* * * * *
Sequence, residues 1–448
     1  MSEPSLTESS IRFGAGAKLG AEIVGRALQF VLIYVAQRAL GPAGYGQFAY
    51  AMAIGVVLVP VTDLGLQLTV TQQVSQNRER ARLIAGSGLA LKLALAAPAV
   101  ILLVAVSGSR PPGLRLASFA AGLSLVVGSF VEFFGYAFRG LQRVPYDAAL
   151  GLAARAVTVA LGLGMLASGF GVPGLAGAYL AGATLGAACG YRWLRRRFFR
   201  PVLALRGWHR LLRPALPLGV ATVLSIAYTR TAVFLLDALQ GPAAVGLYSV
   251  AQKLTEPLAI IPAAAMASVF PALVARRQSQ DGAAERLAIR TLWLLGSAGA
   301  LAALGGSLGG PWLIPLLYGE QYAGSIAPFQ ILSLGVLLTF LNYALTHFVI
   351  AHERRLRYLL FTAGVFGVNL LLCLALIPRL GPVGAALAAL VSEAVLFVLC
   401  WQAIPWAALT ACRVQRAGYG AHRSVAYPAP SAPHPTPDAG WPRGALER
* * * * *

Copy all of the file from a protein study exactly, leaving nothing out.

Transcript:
Sequence, residues 1–448
     1  MSEPSLTESS IRFGAGAKLG AEIVGRALQF VLIYVAQRAL GPAGYGQFAY
    51  AMAIGVVLVP VTDLGLQLTV TQQVSQNRER ARLIAGSGLA LKLALAAPAV
   101  ILLVAVSGSR PPGLRLASFA AGLSLVVGSF VEFFGYAFRG LQRVPYDAAL
   151  GLAARAVTVA LGLGMLASGF GVPGLAGAYL AGATLGAACG YRWLRRRFFR
   201  PVLALRGWHR LLRPALPLGV ATVLSIAYTR TAVFLLDALQ GPAAVGLYSV
   251  AQKLTEPLAI IPAAAMASVF PALVARRQSQ DGAAERLAIR TLWLLGSAGA
   301  LAALGGSLGG PWLIPLLYGE QYAGSIAPFQ ILSLGVLLTF LNYALTHFVI
   351  AHERRLRYLL FTAGVFGVNL LLCLALIPRL GPVGAALAAL VSEAVLFVLC
   401  WQAIPWAALT ACRVQRAGYG AHRSVAYPAP SAPHPTPDAG WPRGALER